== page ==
Dunedin rallies around iD Fashion Week as one of its major annual events, and this year was no different with a diverse audience ranging from grandmothers to students, all eager to see fresh looks down the runway at the Dunedin Railway Station. A few seats remained unfilled on the Friday night, thanks to locals heading off to see Adele, but that didn’t detract from the excitement and anticipation of what was to come.
International guest judge and womenswear designer, Paulo Melim Andersson kicked off the show with a collection consisting of retrospective pieces (pictured above) spanning a design career spent working with Marni, Maison Martin Margiela, Marni, Chloe and Zadig & Voltaire. Floating prints, pretty gathered necklines, pussy bows and cut out detailing on the backs of knee-length feminine dresses featured, with the garments still holding timeless appeal.
Lela Jacobs (below left) and Ovna Ovich (below right) who have both previously shown at New Zealand Fashion Week also presented their AW17 collections to a Dunedin audience, with leather accessories range Yu Mei collaborating with new label, Florence.
And if you want to know what the future of fashion looks like it pays to keep your eyes on emerging designers. Otago Polytechnic students had their own category; one showing under the label LDD who sent models down the runway dragging thought-provoking placards behind them referencing cultural identity, poverty and race-relation issues in New Zealand.
One of the highlights of the night was Swanndri. It’s a Kiwi brand associated more with the wilderness rather than the runway, but designer Quentin Hart (former Tom Ford menswear designer) proved that style has been injected into this outdoor lifestyle range.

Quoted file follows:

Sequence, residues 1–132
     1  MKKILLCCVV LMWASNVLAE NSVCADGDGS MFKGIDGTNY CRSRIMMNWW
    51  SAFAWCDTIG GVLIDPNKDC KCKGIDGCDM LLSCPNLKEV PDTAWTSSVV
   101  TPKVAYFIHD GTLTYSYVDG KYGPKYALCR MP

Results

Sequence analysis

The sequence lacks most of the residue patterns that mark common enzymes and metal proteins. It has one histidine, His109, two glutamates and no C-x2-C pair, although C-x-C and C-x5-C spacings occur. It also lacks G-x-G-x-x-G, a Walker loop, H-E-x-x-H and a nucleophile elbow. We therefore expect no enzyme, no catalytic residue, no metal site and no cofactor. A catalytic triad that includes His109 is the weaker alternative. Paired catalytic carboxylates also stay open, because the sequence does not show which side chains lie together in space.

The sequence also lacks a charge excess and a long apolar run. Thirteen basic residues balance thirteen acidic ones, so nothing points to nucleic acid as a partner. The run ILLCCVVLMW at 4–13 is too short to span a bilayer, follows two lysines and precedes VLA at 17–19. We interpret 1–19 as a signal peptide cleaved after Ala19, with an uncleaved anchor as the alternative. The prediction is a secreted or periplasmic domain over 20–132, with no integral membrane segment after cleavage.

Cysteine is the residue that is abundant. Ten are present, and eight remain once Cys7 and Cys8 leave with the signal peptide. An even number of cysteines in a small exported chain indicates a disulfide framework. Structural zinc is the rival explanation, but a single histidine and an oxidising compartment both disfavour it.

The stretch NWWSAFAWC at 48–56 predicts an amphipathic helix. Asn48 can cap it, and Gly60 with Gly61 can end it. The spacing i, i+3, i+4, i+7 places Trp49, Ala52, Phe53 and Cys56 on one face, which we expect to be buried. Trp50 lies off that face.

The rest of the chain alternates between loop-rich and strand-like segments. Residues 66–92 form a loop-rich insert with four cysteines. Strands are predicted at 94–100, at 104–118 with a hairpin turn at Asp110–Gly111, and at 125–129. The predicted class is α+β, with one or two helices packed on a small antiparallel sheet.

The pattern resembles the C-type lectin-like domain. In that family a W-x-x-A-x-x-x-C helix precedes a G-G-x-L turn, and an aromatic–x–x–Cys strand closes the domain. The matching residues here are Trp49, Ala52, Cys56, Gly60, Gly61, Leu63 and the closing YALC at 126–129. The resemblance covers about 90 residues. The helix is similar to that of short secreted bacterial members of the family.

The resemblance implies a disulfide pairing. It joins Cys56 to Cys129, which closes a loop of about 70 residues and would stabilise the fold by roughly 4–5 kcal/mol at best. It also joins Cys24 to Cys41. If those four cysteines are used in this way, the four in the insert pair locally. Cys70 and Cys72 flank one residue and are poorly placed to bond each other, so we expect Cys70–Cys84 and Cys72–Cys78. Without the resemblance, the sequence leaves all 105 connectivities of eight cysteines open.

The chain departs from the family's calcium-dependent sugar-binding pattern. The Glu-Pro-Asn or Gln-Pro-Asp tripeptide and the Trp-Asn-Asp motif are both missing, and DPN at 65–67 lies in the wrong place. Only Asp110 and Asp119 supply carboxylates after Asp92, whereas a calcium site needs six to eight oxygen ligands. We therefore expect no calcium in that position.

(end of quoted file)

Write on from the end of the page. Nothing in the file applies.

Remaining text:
His first look was the signature red and black bush shirt worn, one assumes, by a local identity who marched boldly down the catwalk with a stick in hand donning gumboots as the Kiwi farming archetype, sending laughter around the audience. Oh, and did I mention All Blacks? *As a non-rugby fan I couldn’t work out why ‘half’ the audience was cheering when they came down the runway.
Largely menswear-based, Swanndri presented puffer vests, modern parkas in sophisticated navy and greys. An orange and black check shirt provided a new take on the signature Swanndri check, and even skinny jeans and a wool blazer with military style pockets will look just as good, if not better, on the town as it will in the country.
Each year a national guest designer is invited to show at the event and this time around Stolen Girlfriends Club rocked up a storm on the runway with a High Winter collection, ‘The Curse That Flew Right Past You,’ featuring covetable lush shearling jackets, printed T-shirts, ripped jeans, mini dresses and what designer Marc Moore refers to as Tranny boots. In true rock n’ roll style these ones were thigh high.
Thanks iD Dunedin Fashion Week for a truly fantastic show!